In this study, Fang et al explored the relationship between melanoma outcomes, obesity, and chronic inflammation. Obesity has been associated with development of cancers including melanoma. Adipose tissue produces signaling molecules, such as leptin, which are thought to play a role in cancer progression. Signaling from fat tissue may result in chronic inflammation, as happens in patients with psoriasis, a disease with a well-described relationship to obesity. The authors of this study use C-reactive protein (CRP) as a marker to measure chronic inflammation in patients with melanoma to test whether higher amounts of inflammation result in worse outcomes.

Obese patients in this study had worse overall and melanoma-specific survival. They also had higher CRP levels, which correlated with worse melanoma-specific survival. When the authors controlled for CRP, obesity was no longer an independent risk factor for survival, implying that the reason obese patients did worse was because their adipose tissue was creating a chronic inflammatory state, not that their obesity was independently affecting their mortality.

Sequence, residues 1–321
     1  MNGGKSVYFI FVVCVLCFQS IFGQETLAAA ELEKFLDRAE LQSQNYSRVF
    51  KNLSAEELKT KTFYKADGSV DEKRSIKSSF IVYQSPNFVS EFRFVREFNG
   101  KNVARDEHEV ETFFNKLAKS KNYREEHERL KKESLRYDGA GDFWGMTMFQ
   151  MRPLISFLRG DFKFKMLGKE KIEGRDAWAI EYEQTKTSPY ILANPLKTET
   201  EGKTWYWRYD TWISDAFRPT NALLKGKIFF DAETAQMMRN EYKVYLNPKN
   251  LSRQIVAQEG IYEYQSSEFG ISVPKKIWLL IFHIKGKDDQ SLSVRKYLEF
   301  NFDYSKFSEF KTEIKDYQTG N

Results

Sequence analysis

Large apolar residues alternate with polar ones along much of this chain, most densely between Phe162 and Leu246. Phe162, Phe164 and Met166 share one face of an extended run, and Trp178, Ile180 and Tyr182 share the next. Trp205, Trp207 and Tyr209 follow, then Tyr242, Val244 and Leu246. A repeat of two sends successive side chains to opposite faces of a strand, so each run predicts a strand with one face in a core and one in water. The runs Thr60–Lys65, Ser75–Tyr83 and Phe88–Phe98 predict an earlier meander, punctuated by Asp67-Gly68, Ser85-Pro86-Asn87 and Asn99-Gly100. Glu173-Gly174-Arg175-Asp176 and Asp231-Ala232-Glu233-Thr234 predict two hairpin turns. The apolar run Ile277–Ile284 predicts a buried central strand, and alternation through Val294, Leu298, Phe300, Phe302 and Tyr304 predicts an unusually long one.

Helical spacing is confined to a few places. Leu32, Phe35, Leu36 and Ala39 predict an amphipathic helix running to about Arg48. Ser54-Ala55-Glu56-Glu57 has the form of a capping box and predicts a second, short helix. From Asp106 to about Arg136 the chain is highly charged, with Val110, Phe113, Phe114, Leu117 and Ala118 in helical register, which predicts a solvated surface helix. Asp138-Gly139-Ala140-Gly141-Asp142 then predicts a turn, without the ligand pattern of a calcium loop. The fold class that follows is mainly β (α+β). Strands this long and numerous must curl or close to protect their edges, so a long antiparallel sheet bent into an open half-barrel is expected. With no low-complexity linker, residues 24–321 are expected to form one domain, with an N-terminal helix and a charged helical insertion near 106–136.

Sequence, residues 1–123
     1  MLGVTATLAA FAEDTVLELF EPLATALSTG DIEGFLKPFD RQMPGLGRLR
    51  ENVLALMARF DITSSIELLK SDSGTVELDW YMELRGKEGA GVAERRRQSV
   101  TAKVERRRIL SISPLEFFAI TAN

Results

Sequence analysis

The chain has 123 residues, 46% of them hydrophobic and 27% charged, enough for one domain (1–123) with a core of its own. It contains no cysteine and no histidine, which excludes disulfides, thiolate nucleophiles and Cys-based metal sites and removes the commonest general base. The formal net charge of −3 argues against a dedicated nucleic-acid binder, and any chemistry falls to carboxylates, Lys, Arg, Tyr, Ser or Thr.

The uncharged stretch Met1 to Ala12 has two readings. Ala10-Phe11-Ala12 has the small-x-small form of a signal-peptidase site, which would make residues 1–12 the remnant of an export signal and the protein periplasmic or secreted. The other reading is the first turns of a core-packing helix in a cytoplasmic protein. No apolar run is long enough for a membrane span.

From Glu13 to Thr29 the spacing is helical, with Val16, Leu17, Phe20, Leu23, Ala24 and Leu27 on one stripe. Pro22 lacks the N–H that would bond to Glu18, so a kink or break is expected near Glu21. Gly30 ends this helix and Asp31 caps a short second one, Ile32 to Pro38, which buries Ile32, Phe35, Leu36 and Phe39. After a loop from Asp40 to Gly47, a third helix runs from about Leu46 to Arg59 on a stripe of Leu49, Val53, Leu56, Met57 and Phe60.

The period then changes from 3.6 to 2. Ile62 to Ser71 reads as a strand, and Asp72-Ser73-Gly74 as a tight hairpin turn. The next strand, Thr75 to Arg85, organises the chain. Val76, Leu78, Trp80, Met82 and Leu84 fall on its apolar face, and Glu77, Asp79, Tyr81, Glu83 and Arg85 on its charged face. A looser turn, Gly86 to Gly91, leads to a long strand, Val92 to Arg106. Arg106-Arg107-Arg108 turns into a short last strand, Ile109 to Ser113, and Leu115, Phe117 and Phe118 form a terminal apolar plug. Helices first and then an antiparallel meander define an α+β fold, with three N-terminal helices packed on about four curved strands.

One limitation of this study was that, although they included 1804 melanoma patients, they only had CRP levels for 725 of them, less than half. Of note, there is a study by Calle et al that examined obesity and mortality associated with many types of cancers and did not detect an increase in melanoma mortality, although that study did not break down melanomas by stage as the Fang study did.1 The relationship between the immune system and melanoma is complex, and, although this study provides correlative evidence for the link between CRP and melanoma mortality, additional studies are warranted to further explain this relationship to better guide recommendations for patients.


Calle EE, Rodriguez C, Walker-Thurmond K, Thun MJ. Overweigh, obesity, and mortality from cancer in a prospectively studied cohort of U.S. adults. N Engl J Med. 2003;348(17):1625-1638.


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